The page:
“At the entrance, [staff members] were having a conversation about the LGBTQ couple and they were saying, ‘Those are faggots,’” Murvin said. “I was standing there shaking my head. That’s not cool.”

Murvin believes staffers are under the impression that they can freely speak their mind without repercussions because they assume nobody can speak English.

“There was one incident when there was a supervisor who didn’t know I speak English,” Murvin said. “He said, ‘Motherf***ers, get off the elevator.’ My response to him was, ‘Who do you think you’re talking to?’ We are people, not animals.”

Murvin said he asked to be relocated due to the hostile environment, but was told he could not be moved unless he faced physical harm. Regardless, though, he will be required to move out soon — and on short notice.


Murvin shared a 60-day eviction notice he received from the city on Aug. 30 informing him that he must move out by Oct. 29 at 8:51 a.m. 

“Thousands of asylum seekers have come to New York City over the last year and shelter space is limited,” the notice stated. The brief note adds that Murvin “may not be able to stay at this location” beyond Oct. 29 and that the city can “help facilitate your one-way travel to another destination.” 

Yet, the notice offered no concrete solutions for residents with nowhere to go. The original notice directed Murvin to go to the Roosevelt Hotel and apply for another housing assistance option, “which could include a faith or community-based organization or placement in a hotel in upstate New York,” the note said. But then he received a follow-up message sending him to a different location.

In early October, Mayor Eric Adams sought permission from a judge to temporarily suspend the right-to-shelter policy that has been in place in New York City for four decades. The Adams administration has moved to limit shelter stays for asylum seekers to 60 days for families with children and 30 days for single adults, and the limitations have been in place at shelters operated by the Departments of Emergency Management, Health + Hospitals, and the Department of Housing Preservation and Development, according to AMNY, which reported that the administration plans to extend the cap on single adults to Department of Homeless Services (DHS) facilities.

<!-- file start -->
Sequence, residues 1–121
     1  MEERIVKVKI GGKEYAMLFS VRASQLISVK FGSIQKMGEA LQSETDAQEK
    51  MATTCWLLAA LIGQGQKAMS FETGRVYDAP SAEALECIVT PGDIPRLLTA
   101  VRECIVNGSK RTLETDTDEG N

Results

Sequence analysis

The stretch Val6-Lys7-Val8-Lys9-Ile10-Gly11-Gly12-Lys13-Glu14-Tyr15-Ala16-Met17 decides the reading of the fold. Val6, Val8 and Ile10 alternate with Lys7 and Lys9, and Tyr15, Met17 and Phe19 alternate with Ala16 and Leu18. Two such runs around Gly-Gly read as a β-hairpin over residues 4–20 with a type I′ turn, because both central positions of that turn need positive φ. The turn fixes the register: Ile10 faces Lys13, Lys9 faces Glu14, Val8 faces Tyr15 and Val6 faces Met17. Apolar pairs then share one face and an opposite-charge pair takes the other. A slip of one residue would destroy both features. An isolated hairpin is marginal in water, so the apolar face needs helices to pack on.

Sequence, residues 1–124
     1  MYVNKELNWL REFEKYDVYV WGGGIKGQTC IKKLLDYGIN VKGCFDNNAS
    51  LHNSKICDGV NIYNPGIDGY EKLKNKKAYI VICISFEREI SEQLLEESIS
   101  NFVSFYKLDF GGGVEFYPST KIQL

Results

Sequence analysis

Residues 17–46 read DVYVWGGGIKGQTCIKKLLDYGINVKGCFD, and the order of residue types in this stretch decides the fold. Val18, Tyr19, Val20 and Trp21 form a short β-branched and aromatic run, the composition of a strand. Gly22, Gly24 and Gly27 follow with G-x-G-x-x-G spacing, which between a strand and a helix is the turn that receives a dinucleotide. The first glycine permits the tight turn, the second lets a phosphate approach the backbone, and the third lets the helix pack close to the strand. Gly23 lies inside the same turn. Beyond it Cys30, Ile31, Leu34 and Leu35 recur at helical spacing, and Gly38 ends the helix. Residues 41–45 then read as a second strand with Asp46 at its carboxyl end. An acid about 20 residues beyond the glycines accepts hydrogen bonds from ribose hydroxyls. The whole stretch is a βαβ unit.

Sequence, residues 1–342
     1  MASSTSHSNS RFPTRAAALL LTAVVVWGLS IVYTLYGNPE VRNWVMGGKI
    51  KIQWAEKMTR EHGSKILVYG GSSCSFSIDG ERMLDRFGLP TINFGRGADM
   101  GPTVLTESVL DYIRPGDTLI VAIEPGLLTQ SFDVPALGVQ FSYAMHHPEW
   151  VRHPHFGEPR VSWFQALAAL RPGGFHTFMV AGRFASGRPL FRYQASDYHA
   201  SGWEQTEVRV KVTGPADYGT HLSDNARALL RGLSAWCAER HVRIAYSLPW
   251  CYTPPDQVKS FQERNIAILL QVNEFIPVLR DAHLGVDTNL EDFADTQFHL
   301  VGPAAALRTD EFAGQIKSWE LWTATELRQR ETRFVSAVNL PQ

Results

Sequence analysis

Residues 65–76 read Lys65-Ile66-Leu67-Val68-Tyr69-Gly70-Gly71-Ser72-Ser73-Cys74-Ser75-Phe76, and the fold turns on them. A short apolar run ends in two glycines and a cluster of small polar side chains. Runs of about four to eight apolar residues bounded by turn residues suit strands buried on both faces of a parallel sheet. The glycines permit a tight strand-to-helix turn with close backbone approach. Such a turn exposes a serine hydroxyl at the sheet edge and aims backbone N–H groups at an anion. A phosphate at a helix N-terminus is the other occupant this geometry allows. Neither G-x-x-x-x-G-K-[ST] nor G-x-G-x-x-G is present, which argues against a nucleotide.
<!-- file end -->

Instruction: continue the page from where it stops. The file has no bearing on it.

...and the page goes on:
Murvin said his shelter is operated by DHS, but that detail could not be independently verified.

Murvin is concerned that another housing option may not be available during what will likely be a very crowded reapplication process, and a case worker recently told him his next placement would only be for 30 days. He is receiving support from Immigration Equality, which advocates for and represents people in the immigration system who are LGBTQ and living with HIV.

Kristen Thompson, Immigration Equality’s communications director, expressed frustration about the Adams administration’s handling of the migrant crisis and Murvin’s case.

“New York City is legally bound to provide safety and shelter to asylum seekers like Murvin,” Thompson told Gay City News. “It’s reprehensible to deny him and other LGBTQ refugees the basic dignity of having a bed to sleep in at night. Instead of stoking fear against people fleeing persecution, Mayor Adams would do well to recommit himself to his own vision: building ‘a city that inspires and welcomes all the world.’”

A spokesperson for the mayor did not respond to a request for comment on Oct. 26.

Waiting game

Complicating things further, Murvin’s immigration hearing is not until next year — and he has no idea what his future holds. He has plans to meet with an immigration attorney soon, he said.

“While doing that, I’m basically waiting patiently for my work authorization,” he said, adding that he “would like to start on my education.”

Murvin dreams of working somewhere in a nursing-related field, he said, but he is unable to move forward until he receives approval to do so.

“I don’t limit myself to anything,” he said.